Teetering on the Precipice
Friday, September 16, 2005; 11:18 AM
Hurricane Katrina and its aftermath have left the Bush presidency teetering on the precipice.
For Bush to get back on track, he must restore faith in his leadership, work to restore his appeal among moderate voters and work hard to repair the damage done among already skeptical minorities. Sure, most African Americans and Hispanics vote for Democrats, but improving his percentages just a few points in last year's election helped him close the deal on John Kerry. Had Bush not increased his support among African Americans in Ohio, Kerry might be sitting in the White House right now.
Fair or not, Katrina has further eroded public confidence in the president and his administration, at a time when the war in Iraq, gas prices and concerns over the economy have already taken a serious toll. Most of the polls in the past week have registered record lows for the president, with the composite average approval rating in major polls at 42 percent.
White House officials may say they place little stock in polls; yet that is the reason President Bush addressed the nation last night, when he did, where he did and how he did. And it explains why he said some of the things he said, particularly about taking responsibility for the botched response to Hurricane Katrina, and about the roots of poverty, and about compassion for the less fortunate.
Katrina's aftermath has damaged efforts to reach out to black voters, undermined efforts to recast Republicans as friendly to the poor and disposed, and sent support plummeting among independent swing voters.
Today, the president's party largely enjoys only the support of his conservative base, according to several new polls. And that is not enough to ensure the political longevity of the party, which Bill Clinton, who had similar numbers preceding the 1994 midterms, can attest. A new nonpartisan Pew Poll out on Thursday shows independents favoring Democrats by double digits on a range of issues, including health care, the environment, Iraq, Social Security, the economy, education, energy problems and handling disasters. Among the major issues, the GOP retains its edge only in the handling of terrorism, according to Pew.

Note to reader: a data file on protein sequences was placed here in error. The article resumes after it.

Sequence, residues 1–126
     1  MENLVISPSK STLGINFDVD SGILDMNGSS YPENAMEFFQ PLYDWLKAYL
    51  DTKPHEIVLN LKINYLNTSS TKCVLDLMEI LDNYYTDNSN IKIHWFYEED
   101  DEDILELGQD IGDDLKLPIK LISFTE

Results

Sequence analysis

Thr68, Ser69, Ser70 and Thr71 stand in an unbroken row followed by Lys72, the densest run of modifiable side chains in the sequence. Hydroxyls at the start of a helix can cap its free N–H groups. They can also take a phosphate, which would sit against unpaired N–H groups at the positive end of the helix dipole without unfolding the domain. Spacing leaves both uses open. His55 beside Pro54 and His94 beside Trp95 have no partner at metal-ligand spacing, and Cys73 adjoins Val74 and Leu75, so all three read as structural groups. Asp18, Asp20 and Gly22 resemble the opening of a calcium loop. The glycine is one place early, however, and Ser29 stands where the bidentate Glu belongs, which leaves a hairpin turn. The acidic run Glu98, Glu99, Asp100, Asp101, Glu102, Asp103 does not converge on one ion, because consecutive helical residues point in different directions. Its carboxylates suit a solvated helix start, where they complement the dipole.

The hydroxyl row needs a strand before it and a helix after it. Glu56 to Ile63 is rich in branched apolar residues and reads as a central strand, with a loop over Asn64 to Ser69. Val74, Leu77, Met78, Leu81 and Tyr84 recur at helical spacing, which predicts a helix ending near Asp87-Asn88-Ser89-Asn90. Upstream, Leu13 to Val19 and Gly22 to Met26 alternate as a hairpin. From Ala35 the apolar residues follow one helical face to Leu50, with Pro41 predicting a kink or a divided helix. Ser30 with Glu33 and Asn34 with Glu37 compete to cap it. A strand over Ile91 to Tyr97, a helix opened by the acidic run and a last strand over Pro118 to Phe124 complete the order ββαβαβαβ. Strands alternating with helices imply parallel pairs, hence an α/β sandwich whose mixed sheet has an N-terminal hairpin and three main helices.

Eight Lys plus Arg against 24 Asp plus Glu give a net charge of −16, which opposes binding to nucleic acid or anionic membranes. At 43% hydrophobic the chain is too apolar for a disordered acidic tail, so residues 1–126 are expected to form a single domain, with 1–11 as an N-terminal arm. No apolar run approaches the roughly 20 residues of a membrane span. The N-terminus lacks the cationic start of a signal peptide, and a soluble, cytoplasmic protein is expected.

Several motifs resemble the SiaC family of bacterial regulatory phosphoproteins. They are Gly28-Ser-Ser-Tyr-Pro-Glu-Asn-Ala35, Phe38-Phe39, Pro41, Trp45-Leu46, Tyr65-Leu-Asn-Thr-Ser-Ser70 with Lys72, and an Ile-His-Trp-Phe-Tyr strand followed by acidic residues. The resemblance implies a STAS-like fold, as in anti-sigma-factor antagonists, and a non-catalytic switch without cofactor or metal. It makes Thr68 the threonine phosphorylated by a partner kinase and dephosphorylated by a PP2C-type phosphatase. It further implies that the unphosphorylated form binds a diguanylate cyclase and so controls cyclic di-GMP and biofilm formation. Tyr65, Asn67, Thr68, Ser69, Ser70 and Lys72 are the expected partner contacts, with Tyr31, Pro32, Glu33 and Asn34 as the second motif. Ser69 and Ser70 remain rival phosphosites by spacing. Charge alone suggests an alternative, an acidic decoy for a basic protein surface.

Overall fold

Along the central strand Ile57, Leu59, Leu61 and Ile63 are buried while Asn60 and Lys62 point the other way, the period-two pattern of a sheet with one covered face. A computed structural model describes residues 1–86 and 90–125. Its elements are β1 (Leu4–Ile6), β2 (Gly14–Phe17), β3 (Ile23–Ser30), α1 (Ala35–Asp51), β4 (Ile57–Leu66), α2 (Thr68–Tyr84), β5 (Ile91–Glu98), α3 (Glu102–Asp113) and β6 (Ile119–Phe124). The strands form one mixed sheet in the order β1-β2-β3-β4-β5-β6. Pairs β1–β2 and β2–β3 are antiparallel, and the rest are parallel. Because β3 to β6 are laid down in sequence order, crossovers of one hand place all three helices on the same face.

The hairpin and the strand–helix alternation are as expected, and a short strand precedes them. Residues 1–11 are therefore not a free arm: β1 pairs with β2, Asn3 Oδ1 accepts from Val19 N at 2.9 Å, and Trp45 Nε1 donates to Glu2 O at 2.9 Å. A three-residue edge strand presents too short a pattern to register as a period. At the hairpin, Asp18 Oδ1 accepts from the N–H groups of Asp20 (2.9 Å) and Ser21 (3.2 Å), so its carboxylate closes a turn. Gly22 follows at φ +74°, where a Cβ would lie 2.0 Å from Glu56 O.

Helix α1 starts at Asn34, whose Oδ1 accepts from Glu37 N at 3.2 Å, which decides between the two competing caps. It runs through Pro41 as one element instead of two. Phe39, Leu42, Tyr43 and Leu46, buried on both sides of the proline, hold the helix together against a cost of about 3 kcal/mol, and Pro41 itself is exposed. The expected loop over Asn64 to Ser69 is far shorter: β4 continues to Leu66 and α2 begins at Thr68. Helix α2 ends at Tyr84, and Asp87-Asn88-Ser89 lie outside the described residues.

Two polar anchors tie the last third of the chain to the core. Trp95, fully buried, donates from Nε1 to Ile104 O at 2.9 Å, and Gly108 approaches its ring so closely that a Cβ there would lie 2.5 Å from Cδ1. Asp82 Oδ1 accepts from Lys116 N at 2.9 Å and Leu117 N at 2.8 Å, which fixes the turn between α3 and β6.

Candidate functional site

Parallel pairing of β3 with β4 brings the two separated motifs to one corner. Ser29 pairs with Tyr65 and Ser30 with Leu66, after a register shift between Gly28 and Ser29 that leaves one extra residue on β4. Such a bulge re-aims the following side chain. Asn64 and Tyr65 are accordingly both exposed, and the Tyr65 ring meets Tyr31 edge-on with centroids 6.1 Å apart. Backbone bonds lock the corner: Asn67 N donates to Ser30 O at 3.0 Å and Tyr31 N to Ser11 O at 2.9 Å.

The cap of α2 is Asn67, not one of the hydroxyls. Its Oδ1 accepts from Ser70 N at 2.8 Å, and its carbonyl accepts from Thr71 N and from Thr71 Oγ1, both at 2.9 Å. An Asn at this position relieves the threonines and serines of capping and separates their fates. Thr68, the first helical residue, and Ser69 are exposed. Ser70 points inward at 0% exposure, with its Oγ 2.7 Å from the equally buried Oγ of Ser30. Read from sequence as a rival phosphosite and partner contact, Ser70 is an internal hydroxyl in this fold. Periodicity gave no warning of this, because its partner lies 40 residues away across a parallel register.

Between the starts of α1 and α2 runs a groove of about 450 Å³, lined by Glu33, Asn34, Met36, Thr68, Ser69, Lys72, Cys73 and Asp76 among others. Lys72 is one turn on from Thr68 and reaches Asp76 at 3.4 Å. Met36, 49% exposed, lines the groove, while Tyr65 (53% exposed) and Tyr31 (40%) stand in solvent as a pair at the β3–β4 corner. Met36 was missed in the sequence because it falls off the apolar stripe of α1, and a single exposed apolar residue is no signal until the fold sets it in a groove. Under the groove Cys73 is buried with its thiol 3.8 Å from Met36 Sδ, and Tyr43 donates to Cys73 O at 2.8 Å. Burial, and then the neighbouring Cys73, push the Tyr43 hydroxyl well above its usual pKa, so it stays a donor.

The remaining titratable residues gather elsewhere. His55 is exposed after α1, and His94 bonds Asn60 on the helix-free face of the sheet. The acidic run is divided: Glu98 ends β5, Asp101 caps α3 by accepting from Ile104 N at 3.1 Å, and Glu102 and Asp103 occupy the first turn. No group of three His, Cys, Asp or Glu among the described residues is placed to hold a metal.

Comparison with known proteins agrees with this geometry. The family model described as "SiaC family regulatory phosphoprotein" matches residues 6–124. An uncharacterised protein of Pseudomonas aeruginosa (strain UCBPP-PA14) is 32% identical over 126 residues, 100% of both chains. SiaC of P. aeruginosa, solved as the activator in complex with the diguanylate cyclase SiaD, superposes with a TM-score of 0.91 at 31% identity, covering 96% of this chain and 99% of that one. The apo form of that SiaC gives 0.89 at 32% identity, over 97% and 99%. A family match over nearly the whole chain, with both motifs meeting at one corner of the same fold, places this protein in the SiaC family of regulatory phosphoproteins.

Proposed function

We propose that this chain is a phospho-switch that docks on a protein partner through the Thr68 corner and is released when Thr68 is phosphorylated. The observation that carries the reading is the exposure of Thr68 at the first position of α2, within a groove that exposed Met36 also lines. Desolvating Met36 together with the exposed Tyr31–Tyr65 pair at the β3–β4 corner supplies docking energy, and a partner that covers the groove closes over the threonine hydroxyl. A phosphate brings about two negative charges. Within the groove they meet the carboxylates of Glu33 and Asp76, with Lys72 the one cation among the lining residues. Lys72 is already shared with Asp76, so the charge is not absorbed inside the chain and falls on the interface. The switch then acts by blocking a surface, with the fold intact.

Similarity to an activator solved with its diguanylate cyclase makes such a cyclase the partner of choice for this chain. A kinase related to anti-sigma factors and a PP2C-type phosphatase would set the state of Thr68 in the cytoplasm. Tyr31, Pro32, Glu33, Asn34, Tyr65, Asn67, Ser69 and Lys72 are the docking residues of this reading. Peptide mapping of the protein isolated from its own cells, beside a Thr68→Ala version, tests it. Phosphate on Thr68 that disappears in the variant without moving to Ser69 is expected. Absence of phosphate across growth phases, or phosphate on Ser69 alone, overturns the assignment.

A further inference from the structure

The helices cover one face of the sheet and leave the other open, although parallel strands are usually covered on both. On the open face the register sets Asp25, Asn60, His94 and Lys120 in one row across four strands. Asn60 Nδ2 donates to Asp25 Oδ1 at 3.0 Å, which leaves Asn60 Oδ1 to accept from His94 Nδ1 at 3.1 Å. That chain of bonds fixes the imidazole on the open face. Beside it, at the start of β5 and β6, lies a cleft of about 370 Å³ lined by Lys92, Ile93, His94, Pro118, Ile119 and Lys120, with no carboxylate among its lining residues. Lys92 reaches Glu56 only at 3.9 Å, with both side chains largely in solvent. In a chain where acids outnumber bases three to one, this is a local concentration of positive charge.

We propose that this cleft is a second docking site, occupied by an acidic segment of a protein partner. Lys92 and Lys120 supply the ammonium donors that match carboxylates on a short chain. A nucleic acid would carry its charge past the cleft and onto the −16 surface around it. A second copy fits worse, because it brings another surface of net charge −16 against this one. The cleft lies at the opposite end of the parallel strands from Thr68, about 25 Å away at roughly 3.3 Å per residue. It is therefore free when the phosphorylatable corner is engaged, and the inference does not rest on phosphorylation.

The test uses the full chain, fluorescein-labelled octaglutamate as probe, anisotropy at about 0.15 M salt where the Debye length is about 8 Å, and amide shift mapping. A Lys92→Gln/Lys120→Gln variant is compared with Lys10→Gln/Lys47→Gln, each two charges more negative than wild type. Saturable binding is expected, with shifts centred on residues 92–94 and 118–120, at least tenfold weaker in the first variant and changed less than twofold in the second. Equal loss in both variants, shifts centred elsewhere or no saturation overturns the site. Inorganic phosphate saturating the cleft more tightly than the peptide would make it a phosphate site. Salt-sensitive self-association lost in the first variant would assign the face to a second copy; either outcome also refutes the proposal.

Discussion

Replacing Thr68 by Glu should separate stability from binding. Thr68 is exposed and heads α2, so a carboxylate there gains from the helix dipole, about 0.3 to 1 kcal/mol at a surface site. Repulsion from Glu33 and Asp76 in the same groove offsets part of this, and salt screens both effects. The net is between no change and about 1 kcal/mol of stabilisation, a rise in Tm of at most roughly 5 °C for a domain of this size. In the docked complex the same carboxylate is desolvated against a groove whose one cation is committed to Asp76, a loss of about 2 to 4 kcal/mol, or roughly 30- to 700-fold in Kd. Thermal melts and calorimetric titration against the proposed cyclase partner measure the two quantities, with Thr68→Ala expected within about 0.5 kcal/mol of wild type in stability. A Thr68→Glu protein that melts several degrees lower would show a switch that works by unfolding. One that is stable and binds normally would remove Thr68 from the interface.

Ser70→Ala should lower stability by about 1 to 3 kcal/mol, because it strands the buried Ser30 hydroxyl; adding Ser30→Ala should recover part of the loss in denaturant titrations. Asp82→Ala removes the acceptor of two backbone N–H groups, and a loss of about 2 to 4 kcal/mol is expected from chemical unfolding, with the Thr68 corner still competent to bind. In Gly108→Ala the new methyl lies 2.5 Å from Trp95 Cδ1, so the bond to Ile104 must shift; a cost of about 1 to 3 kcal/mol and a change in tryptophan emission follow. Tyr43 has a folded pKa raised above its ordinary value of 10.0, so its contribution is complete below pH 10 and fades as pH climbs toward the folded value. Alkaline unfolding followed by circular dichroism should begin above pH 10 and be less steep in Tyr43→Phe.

And for the first time, the percentage of people who view Bush as a strong leader has dropped below 50 percent -- to 49 percent, compared with 63 percent this time last year, according to a Newsweek poll last week.
The net effect is ominous for Republicans. The Pew Poll asked if the midterms were held today, would you vote for a Democrats or a Republican. The former led 52 percent to 40 percent.
Fortunately for the president the midterms aren't being held today, and he has time to right the ship, despite grave predictions of his party's demise from some liberal pundits.
Here were the four most important sound bites from last night's speech aimed at getting his presidency back on track: